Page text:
Social astuteness is commonly considered to be innate; either you have it or you don’t. Today, however, research is increasingly suggesting that social and political skills can be developed and improved. Here are a few tips for how you can become more socially astute:[8]

  1. Practice mindfulness. People who are socially astute take time to observe and reflect. They control their impulses and do not act irrationally. Practicing mindfulness is a great way to learn how to think, speak, and act with intent. If you’re unfamiliar with mindfulness, try listening to short meditations or scheduling time throughout your day to reflect, express gratitude, or practice acts of kindness.
  2. Learn to network. “Networking is marketing. Marketing yourself, marketing your uniqueness, marketing what you stand for” (Christine Comaford). People who are socially astute understand themselves, recognize their uniqueness, and know what they stand for; this makes networking an incredibly natural process. If you want to become more socially astute, practice networking both inside your organization and out. Mentorship is one of the most powerful forms of networking because it is mutual and authentic. Mentors can provide valuable guidance, connections, and resources. Further, mentoring others can give leaders the chance to hone their coaching skills. If you want to become more socially astute, pursue opportunities for mentorship on both sides of the relationship.
  3. Engage in politics. Social astuteness is about being able to diplomatically navigate organizational norms and relationships. To develop these political skills, you will need to engage in corporate politics. Practice building and understanding relationships with others outside of your immediate circle. Don’t shy away from conflict when it arises, using difficult conversations as a chance to practice your mediation skills. Engaging in different kinds of relationship and workplace situations can help build your reputation and your capacity to influence others.

Resources

WATCH: 10 Ways to Have a Better Conversation (TED Talk)

READ: Power: Why Some People Have it and Others Don’t

DEVELOP: Develop your social astuteness by taking advantage of SIGMA’s coaching services.


References

[1] Shi, J., Chen, Z. & Zhou, L. Testing Differential Mediation Effects of Sub-dimensions of Political Skills in Linking Proactive Personality to Employee Performance. J Bus Psychol 26, 359–369 (2011). https://doi.org/10.1007/s10869-010-9195-0.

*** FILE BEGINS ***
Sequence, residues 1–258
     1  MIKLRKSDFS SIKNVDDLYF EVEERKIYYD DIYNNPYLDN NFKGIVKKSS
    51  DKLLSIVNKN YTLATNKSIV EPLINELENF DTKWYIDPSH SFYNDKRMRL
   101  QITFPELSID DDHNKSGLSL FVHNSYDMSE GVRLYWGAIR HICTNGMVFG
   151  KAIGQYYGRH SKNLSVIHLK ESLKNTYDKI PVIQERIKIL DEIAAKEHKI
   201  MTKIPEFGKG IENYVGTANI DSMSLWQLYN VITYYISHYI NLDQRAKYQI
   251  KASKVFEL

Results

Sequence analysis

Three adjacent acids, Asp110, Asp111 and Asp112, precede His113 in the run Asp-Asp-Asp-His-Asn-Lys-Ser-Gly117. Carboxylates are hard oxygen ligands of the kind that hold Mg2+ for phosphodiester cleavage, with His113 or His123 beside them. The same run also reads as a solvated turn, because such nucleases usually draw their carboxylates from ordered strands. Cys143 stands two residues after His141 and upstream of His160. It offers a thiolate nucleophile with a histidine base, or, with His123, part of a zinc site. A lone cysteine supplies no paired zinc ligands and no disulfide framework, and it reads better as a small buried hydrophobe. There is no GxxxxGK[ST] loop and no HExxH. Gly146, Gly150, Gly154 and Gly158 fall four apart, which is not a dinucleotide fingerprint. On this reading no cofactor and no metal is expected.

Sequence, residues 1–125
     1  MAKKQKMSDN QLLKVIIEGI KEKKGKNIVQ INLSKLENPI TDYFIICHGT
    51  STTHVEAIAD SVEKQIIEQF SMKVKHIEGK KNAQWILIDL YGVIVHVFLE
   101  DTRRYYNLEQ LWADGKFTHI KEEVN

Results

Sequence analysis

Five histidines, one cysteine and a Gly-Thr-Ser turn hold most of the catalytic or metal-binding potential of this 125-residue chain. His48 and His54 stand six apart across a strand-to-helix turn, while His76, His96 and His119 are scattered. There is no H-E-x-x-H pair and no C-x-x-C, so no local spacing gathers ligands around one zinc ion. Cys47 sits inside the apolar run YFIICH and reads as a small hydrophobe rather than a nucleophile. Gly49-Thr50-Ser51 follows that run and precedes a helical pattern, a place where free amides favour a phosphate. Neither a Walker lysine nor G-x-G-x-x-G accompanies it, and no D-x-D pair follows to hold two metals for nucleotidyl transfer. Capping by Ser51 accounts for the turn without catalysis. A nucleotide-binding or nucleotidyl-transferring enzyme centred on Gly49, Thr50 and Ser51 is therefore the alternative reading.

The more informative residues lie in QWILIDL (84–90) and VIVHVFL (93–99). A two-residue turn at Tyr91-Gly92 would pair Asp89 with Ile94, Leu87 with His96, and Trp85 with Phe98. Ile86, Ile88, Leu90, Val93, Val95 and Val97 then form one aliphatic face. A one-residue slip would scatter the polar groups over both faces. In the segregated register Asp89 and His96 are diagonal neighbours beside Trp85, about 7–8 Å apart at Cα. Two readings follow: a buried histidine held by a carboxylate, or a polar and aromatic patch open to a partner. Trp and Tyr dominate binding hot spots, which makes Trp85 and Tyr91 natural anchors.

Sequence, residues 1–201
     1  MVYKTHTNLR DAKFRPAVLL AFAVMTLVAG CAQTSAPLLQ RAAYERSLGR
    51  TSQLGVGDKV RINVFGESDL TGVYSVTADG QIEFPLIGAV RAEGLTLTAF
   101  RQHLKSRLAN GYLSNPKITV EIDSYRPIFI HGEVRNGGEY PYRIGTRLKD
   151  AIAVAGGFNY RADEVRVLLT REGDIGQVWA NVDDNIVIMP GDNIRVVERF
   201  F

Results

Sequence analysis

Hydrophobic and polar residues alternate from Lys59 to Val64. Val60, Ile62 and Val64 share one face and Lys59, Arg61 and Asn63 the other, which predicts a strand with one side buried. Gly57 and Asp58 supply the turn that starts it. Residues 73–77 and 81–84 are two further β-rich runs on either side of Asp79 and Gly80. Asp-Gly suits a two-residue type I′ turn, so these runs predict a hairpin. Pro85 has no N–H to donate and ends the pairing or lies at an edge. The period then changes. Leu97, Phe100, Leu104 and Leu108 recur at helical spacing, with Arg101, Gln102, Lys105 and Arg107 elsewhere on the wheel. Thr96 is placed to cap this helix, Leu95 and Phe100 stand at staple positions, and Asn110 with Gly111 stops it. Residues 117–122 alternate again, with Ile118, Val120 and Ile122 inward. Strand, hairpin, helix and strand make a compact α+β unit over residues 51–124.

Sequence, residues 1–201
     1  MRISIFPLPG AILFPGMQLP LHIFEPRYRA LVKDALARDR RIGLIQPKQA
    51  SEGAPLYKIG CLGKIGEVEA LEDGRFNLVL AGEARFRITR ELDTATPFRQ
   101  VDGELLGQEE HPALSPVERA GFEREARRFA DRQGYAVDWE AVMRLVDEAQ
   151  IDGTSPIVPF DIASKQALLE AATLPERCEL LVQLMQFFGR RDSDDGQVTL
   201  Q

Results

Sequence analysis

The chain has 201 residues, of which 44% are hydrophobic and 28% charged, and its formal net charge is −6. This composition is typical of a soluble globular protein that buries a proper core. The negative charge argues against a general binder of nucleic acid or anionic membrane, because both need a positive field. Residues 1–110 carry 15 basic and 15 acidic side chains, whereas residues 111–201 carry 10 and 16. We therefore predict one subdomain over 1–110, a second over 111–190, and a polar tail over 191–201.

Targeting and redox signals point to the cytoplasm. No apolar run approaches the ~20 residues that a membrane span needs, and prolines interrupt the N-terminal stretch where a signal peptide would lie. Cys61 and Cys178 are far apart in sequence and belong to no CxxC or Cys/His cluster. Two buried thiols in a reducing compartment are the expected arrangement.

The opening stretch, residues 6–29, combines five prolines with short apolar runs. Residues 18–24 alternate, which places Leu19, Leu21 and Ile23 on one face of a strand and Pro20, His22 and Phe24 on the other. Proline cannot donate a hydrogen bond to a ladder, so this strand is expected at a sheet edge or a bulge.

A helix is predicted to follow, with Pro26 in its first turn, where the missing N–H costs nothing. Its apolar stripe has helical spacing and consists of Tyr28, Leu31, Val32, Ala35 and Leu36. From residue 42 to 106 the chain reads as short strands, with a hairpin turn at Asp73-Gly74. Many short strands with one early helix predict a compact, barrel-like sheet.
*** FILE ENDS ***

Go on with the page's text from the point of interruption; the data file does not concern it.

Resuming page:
[2] Bradley, P. (September 30, 2016). 5 Characteristics of Politically-Skilled Leaders. Center for Creative Leadership. Retrieved from https://www.ccl.org/blog/5-characteristics-politically-skilled-leaders/.

[3] Moss, J. A., & Barbuto Jr, J. E. (2010). Testing the relationship between interpersonal political skills, altruism, leadership success and effectiveness: A multilevel model. Journal of Behavioral & Applied Management11(2).

[4] Templer, K.J. (July 10, 2018). Why Do Toxic People Get Promoted? For the Same Reason Humble People Do: Political Skill. Harvard Business Review. Retrieved from https://hbr.org/2018/07/why-do-toxic-people-get-promoted-for-the-same-reason-humble-people-do-political-skill.

[5] Mencl, J., Wefald, A.J., Ittersum, K.W. (2016). Transformational Leader Attributes: Interpersonal skills, engagement, and well-being. Leadership & Organization Development Journal. Retrieved from https://www.emerald.com/insight/content/doi/10.1108/LODJ-09-2014-0178/full/html?skipTracking=true.

[6] Christie, A., Barling, J., Turner, N. (2011). Pseudo-transformational leadership: Model specification and outcomes. Journal of Applied Psychology, 41(12), 2943-2984.

[7] Templer, K.J. (July 10, 2018). Why Do Toxic People Get Promoted? For the Same Reason Humble People Do: Political Skill. Harvard Business Review. Retrieved from https://hbr.org/2018/07/why-do-toxic-people-get-promoted-for-the-same-reason-humble-people-do-political-skill.

[8] Center for Creative Leadership. (2020). The Skills You Need to be Politically Savvy. Center for Creative Leadership. Retrieved from https://www.ccl.org/multimedia/podcast/six-aspects-of-political-skill/.